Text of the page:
Elected officials visited the Masbia Soup Kitchen in Rego Park on Monday, as the kitchen, partnering with the Food Bank for New York City for the first time, geared up to distribute kosher meals across the city for the Passover holiday.
“Some families don’t have the money to observe the holidays,” said Councilwoman Karen Koslowitz. “We need to help them out. This will enable families to celebrate a tradition that has been observed through the centuries.”
She said that Masbia served a profound need in her community, not just during holidays but throughout the year.
Read more: Queens Ledger - Masbia Soup Kitchen to distribute 25 000 Passover meals
“Every Thursday, when families wait to take home packages for over the weekend, the line goes around the block,” she said.
Masbia itself will be distributing 25,000 kosher meals alone as part of its annual Charoset Drive. Alexander Rapaport, executive director of Masbia, said that the holidays presented an added financial burden to roughly one in four Jewish families in New York City who face economic hardship.
“The need is so great,” he said “We don’t even try to close public schools on snow days, because children won’t have somewhere to go eat. We now have two weeks of vacation for lots of kids on government-subsidized breakfast and lunch, which creates a big burden for families in addition to the burden of the holidays, which includes a festive meal.”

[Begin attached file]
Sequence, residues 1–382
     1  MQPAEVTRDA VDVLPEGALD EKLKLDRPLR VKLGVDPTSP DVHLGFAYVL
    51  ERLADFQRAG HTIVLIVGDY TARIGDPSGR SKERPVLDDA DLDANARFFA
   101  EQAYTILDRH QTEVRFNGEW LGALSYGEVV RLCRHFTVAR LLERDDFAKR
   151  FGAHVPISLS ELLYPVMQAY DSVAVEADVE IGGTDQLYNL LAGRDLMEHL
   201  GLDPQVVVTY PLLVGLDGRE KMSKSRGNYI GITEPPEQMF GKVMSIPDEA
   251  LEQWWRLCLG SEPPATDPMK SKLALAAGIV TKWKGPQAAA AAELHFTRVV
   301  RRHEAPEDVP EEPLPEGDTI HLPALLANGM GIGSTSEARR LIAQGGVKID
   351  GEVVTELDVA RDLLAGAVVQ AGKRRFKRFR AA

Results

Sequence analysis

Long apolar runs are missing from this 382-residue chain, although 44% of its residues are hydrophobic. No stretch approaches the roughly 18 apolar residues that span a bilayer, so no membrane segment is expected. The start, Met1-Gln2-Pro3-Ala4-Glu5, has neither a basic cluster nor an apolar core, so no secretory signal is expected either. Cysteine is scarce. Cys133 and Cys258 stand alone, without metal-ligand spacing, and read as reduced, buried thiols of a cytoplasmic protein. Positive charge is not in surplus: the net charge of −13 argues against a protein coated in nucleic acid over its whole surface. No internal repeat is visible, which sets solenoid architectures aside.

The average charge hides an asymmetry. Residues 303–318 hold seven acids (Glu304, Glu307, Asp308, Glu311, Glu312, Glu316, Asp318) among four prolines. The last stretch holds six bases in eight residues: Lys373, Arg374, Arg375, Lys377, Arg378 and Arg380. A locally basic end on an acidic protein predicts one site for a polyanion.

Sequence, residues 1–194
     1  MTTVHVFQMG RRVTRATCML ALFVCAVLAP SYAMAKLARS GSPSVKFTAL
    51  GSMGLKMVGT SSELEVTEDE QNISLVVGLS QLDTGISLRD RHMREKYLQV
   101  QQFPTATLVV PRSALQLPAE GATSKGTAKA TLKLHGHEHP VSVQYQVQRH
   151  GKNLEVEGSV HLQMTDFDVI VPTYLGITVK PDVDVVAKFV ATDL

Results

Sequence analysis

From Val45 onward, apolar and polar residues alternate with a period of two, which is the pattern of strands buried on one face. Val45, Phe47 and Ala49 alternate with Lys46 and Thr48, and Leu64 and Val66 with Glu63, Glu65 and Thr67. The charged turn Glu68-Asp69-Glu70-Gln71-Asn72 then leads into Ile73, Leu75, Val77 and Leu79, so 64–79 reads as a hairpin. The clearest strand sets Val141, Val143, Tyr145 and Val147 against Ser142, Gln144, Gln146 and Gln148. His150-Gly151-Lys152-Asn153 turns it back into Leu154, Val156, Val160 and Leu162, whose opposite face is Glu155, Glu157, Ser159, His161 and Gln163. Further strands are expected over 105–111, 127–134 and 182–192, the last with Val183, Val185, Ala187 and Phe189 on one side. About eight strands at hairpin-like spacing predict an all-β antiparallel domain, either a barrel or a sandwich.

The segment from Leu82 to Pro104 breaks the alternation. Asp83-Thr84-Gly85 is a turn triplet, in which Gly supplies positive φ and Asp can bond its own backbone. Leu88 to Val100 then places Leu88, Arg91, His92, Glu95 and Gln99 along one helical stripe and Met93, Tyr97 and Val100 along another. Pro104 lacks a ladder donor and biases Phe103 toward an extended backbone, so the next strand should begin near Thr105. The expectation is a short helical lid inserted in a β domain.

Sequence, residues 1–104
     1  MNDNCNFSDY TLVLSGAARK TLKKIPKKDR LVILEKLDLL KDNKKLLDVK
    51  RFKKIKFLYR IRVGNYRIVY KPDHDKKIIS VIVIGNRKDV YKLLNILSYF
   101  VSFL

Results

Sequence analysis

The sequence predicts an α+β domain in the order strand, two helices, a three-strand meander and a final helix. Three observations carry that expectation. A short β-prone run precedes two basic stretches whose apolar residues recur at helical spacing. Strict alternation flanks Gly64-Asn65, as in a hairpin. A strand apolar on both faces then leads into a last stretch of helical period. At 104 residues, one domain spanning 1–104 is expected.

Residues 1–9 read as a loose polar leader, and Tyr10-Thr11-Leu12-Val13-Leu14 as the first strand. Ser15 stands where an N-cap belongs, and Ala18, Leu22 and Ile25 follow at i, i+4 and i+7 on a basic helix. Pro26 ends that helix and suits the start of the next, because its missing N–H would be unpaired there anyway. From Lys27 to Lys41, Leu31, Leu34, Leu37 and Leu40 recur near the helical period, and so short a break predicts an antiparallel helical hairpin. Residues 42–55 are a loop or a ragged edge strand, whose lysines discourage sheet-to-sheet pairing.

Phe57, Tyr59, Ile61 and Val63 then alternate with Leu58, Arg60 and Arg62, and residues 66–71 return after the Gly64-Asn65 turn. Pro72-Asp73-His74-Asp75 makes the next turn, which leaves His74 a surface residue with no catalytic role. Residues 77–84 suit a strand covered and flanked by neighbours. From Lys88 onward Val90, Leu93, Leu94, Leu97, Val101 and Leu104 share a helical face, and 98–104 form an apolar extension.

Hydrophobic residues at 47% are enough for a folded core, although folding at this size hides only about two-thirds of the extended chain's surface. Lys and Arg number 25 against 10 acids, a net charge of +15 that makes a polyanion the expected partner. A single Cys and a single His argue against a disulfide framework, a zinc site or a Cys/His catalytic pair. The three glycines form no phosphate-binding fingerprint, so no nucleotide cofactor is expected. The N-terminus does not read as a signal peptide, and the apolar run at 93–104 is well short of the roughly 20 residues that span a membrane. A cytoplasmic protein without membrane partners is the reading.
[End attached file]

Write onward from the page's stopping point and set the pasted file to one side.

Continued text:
Elected officials packed some boxes of food on Monday, and prepared charoset, a traditional Seder dish. Councilman Mark Weprin said the City Council had been working increasingly to help support food banks as more and more families rely on them.
“We’ve done a lot of funding for food banks throughout the city,” he said. “So many New Yorkers are in need of food and other supplies for their lives.”
Speaker Melissa Mark-Viverito said that the need for food pantries was growing in the wake of federal funding cuts of food stamps.
“We’re unfortunately seeing an incredible need and it’s just growing,” she said. “Federal cuts have lessened the opportunity to get food stamps, so these kinds of locations become essential as a way of helping sustain families. But that puts a strain on our local resources and service organizations.”
She said that she hoped the City Council could combat the growing need for food banks by working with the mayor to help secure funding for organizations such as Masbia.
“We need to figure out as a municipality how we help them,” she said. “We can’t just abandon them.”
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